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Common Expenses Found On A Multifamily Property


It is not uncommon for the expenses on a multifamily property to consume 50%+ of the income on a given property. Reducing expenses is one of the most common business strategies to increase NOI on a property and thereby its value. Whether you are an active or passive investor, it makes sense to have a strong grasp on the expenses commonly seen on multifamily deals. Today's article looks at many of the expenses often encountered on a property's P&L statement and discusses some of the things you should considered when reviewing them.


What are the common expenses?


Advertising: The world of leasing apartments is a sales business. In the world of sales it is certainly important to offer a product of value if you want the consumer to choose your product instead of another. However, you can have the nicest product in the world (in our case an apartment unit) but if no one hears about it you won't be able to make a sale. The advertising line item on the multifamily P&L addresses this reality. The amount of money needed for advertising depends highly on the property and market. A competent property manager should be able to provide guidance on a marketing plan that will be successful for your project.


Contract Services: Contract services account for the ongoing work that must be completed on a property that a property manager is unable to perform. Examples could include landscaping, pest control, pool maintenance, or components in turnover such as painting. The specific items under the umbrella of contract services will depend on what your property manage is capable of doing for your property. For example, perhaps your property manager can take care of the pool maintenance but does not have the ability to cut the lawn. It is important when looking at purchasing a property to understand what items are covered under the contract expenses and what might be added or taken away with the property manger that you select.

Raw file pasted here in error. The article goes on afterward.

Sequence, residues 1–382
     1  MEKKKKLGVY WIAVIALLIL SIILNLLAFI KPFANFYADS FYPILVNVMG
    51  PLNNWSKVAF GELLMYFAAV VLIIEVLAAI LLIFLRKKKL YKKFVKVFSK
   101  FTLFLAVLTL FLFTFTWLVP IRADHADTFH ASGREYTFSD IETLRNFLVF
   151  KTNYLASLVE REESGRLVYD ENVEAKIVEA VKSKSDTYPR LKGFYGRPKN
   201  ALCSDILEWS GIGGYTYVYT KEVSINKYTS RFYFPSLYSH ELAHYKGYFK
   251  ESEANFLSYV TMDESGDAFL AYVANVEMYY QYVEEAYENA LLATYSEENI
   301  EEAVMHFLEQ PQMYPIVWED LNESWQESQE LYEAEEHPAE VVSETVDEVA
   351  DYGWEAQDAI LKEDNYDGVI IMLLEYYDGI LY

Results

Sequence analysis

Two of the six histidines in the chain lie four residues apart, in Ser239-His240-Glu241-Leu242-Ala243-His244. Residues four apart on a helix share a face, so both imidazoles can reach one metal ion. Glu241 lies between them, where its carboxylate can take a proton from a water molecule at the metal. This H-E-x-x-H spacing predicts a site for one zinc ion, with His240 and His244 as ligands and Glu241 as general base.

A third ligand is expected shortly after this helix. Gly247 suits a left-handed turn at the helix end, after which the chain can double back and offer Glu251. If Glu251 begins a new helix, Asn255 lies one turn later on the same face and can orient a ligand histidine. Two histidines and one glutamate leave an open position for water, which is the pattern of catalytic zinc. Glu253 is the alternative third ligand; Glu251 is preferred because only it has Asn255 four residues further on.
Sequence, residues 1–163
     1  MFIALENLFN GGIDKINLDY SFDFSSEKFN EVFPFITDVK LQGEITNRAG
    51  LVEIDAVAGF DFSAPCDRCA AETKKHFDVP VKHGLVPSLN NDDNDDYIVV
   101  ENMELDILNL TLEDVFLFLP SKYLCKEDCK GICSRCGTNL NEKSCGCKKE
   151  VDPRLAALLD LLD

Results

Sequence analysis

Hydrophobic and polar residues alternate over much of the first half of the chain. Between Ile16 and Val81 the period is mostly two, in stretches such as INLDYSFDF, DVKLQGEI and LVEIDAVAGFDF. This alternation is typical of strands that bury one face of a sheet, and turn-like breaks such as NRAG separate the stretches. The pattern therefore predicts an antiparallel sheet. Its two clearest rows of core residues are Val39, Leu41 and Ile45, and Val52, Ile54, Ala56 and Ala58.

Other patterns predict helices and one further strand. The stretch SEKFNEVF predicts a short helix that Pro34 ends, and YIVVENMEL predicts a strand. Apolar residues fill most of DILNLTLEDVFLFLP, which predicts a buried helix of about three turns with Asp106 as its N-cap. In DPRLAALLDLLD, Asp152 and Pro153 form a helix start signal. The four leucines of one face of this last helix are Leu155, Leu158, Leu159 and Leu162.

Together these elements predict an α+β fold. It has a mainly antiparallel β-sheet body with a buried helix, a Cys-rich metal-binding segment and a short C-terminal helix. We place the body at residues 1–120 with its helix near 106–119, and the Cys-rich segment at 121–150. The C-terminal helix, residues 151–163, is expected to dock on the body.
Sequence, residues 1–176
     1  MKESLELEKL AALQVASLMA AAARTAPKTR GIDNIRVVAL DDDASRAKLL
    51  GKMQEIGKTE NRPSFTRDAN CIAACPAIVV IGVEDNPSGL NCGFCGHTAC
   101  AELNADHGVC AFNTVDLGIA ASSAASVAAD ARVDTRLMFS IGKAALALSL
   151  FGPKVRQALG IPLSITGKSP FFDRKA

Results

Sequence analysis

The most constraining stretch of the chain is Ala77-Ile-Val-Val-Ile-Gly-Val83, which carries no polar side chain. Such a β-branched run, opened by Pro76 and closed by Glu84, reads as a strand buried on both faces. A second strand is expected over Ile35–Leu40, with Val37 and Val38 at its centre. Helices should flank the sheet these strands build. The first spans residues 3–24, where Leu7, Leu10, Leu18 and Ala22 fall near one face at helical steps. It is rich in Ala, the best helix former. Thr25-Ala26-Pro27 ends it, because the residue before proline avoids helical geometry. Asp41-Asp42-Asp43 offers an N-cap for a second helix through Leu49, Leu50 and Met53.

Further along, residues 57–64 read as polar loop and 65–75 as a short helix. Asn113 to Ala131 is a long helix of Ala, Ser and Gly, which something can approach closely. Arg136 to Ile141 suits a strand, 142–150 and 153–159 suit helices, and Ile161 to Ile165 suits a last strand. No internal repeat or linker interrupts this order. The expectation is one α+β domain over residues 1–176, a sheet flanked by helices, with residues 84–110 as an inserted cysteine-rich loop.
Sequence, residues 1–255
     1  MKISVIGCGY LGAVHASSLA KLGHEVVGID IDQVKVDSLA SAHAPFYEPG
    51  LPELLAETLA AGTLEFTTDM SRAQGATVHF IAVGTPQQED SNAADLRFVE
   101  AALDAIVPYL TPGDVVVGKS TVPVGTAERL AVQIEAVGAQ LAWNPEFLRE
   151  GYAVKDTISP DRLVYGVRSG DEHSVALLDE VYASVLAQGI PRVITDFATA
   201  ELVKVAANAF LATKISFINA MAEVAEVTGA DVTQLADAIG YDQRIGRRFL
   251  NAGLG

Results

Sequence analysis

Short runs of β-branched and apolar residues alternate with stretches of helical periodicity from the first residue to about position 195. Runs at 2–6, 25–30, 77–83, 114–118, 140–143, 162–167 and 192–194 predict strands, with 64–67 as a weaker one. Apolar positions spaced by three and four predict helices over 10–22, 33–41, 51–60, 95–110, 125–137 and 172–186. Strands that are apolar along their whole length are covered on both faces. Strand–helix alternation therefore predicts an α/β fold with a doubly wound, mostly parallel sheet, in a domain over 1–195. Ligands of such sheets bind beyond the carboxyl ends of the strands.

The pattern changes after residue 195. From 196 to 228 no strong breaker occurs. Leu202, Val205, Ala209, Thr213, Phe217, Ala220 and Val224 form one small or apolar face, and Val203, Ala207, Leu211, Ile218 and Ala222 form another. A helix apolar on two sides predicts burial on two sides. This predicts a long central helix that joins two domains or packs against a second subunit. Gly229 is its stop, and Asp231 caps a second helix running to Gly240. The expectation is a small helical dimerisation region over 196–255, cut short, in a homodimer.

Utilities: Common utilities on a multifamily property include electricity, gas, water, sewer and trash. When looking at this expense item on a P&L its important to understand the full picture of how utilities work on the property. Is electricity paid for directly by the tenants, billed back to the tenants or completely paid for by the property? The same question can be asked for water and trash. Understanding this story not only helps to predict the expenses that you will have on the property but also to see potential for expense savings (such as water conservation) and the ability to charge tenants for some of the utility expenses (through a fee or RUBS).


General/Admin: This is perhaps one of the most ambiguous expense line items. This is due to the fact that a plethora of items are often placed under this umbrella. Commonly office expenses, internet, legal fees, subscriptions and many other things are contained within this one line item. Once again, it is crucial to ask your selected property manger what expenses fall under this category and what their projection is for your property.